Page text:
How did I even get here?
Your smile, so sweet, it cripples me--
kills me every time I see it.
Your laugh brings me to my knees
But you can't hear my psychic scream
Begging for you to give me release
To return my affection.
But I remain silenced.
The silver moons’ light crept through the slowly rising red mists over the creek’s still water. The mist surrounded the lifeless body of an old man lying face up, the color fading from his wide open crystal blue eyes. His long, white hair lay almost neatly on the moist, black earth beneath his head.
A young man slowly walked toward the body. His polyethylene terephthalate boots left no footprints. He extended his gloved hand to the old man’s face as he knelt down. Another man soon followed, holding the hand of a little girl.
“Stay there,” the man said to the others as he examined the body.” “Papa, is it him? Is it Grandpa Joe,” the little girl asked, squeezing her companion’s hand in fear.
“Yeah. It’s Grandpa Joe,” the man said through his mask. His voice was solemn and carried loudly.
“How did he get here with no gear? Is he one of them,” the girl asked impatiently. “Is he one of them?”
“I don’t know, baby. I don’t know. Micah, take her back to the hutch, please,” he said to the man holding his daughter’s hand.
“Come on, honey,” Micah said to the little girl. “John,” he called back. “How long till we know,” he asked.
“I dunno. I don’t want to find out. Take her back. I don’t want Maisie to see.”
“John, no! You’re not seriously going to…You can’t! He’s your father, John,” Micah said excitedly.
“Micah just—please just take Maisie. I’ll be right behind you.”
Micah picked up the girl and she wrapped her arms around his neck, holding on tightly. John watched them disappear into the dark, red mist. He turned his attention back to his dead father. His eyes were no longer blue. His irises had begun to turn a shade of red. John knew. And his heart sank as he became nauseated. His father was no more. Not even dead-no longer human. John stood upright and inhaled deeply through his filtered mask, then exhaled, pacing back and forth. After a short moment, John knelt next to the body again, placing one hand on his father’s head, the other on his father’s heart. His eyes were now completely red and they began to move from one corner to the other, slowly, as if trying to discern its whereabouts. His chest began to rise and fall, trying to breathe but struggling in the atmosphere. He hissed and grunted then lay still once more.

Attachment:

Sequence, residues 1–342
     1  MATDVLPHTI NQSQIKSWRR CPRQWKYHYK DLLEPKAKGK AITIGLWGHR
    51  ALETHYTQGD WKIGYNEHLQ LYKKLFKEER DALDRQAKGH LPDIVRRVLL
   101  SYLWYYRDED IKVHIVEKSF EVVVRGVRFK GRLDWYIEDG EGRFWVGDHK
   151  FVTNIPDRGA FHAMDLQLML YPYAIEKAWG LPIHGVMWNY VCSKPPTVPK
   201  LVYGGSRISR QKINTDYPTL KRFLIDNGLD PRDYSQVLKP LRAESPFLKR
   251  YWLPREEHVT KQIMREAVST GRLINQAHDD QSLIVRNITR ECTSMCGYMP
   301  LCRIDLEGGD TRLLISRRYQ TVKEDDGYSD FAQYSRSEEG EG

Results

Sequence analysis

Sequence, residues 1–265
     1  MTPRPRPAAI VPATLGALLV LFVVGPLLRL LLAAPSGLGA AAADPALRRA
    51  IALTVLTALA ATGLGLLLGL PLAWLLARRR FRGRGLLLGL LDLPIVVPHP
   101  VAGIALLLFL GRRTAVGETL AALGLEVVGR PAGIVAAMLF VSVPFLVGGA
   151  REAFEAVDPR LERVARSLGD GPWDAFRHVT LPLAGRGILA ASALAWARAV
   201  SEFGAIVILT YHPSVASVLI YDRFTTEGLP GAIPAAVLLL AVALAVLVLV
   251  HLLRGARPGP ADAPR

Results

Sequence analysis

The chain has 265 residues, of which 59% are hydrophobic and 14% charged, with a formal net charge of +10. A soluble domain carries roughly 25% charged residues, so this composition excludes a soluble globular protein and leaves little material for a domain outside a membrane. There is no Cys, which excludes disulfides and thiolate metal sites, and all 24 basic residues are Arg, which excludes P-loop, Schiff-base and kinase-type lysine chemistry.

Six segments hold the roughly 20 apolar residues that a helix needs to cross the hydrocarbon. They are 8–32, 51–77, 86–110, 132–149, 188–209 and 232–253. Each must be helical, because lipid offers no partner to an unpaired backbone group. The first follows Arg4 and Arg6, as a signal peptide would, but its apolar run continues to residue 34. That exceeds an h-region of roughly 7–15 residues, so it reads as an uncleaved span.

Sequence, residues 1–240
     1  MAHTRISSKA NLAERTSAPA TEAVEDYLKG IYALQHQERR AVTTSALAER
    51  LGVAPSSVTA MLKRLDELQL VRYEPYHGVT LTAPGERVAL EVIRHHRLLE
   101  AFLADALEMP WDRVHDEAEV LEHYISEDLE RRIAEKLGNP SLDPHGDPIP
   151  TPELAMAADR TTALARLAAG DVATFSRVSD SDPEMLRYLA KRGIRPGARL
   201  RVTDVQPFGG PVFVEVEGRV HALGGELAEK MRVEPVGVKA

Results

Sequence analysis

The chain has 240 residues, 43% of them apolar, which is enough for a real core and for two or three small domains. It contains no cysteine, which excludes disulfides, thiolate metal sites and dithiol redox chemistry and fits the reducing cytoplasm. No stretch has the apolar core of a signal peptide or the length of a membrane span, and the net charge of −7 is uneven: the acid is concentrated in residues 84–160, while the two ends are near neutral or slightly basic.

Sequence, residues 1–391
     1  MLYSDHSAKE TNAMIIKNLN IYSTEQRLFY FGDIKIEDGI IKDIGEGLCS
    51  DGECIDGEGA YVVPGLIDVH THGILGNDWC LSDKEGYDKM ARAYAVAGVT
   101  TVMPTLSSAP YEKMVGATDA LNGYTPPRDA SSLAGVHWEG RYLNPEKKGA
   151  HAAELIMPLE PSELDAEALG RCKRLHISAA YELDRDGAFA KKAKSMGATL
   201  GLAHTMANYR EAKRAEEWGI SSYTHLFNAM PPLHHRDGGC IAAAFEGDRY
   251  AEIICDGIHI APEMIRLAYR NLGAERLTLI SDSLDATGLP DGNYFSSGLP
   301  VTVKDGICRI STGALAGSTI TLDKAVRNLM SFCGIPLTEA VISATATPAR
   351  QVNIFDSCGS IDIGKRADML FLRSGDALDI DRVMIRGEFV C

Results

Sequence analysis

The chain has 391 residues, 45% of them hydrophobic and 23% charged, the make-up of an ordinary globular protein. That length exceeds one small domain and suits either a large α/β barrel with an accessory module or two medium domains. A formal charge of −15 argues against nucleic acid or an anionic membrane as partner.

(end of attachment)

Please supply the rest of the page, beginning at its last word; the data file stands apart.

“I’m so sorry that I didn’t find you sooner, Joe. I’m so sorry,” John said. “We looked. We searched for weeks. But we will find mom. I promise. I love you, dad. I’m so sorry. So sorry,” John said looking into the red eyes of what used to be his father’s blue eyes. He lifted his hand from his father’s heart to reveal a bloodied, chromium crystal dagger.
John walked in the direction of Micah and Maisie. When he finally reached their hutch, he walked inside to find them both sitting at the table. He removed his mask to reveal his dark brown hair, crystal blue eyes, like his fathers, and golden brown cheeks, wet with tears. The little girl ran to him and wrapped her arms around him, squeezing him tightly.
“Did you kill Grandpa Joe,” she asked, her head still buried in John’s stomach. John caught Micah’s eyes as he removed his gloves so that he could touch Maisie’s curly, brown hair. “I—I watched him turn, baby.” John fell to his knees. Micah ran over to John and Maisie, embracing them both. He wrapped one arm around Maisie and the other John’s neck, kissing him on the cheek repeatedly.
“I’m so sorry, John. I’m so sorry.” John stood and walked over to a container. He opened the container to reveal chromium crystal arrows, weapons and chromium crystal bullets.
“We leave tomorrow. We’re going to find them and we’re going to kill them all.”
After the Siege of Orgrimmar…
The sun began to set as the red dust in the air settled back onto the Durotar ground. The Alliance and Horde were victorious in retaking Orgrimmar from Garrosh Hellscream. As a show of gratitude, Warchief Vol’jin invited the Alliance to enter, sit, and drink inside the walls of Orgrimmar as a temporary truce.
Jaina Proudmoore’s hatred for the Horde had been growing for centuries. Where she once was open to a peaceful resolution to the conflicts between Horde and Alliance, she now wanted to see them eradicated. Garrosh Hellscream's destruction of Theramore was the very last straw for Jaina. She scoffed at Vol’jin’s offer and pleaded with King Varian Wrynn to dismantle the Horde here and now.
“You know they are a problem, My King. You know what needs to be done,” she implored.
“Jaina, is Azeroth to never have a moment’s peace?” Varian asked rhetorically. His dark hair was messily pulled into a ponytail with wild hairs about, framing his face. The warm wind picked up speed, blowing long strands into his face, brushing against the scars. “It’s just a moment of peace. Do you not smell the boar roasting? I don't know about you, but victory makes me hungry for fresh cooked meat."
The same wind ignored Jaina’s platinum locks, leaving her ice-blue eyes visible; her rage could be seen in the depths of the blue. Her eyes were, indeed cold. “Azeroth will have peace when these monsters are brought to heel,” she quipped. And like that, she disappeared, revealing that behind her were a pair of vengeful, glowing red eyes--the Banshee Sylvanas Windrunner, had her bow at the ready. But with Jaina's teleportation out of Orgrimmar, the Banshee Queen lowered her bow.
“This is far from over,” King Varian Wrynn said, whilst walking into the inn with Vol’jin.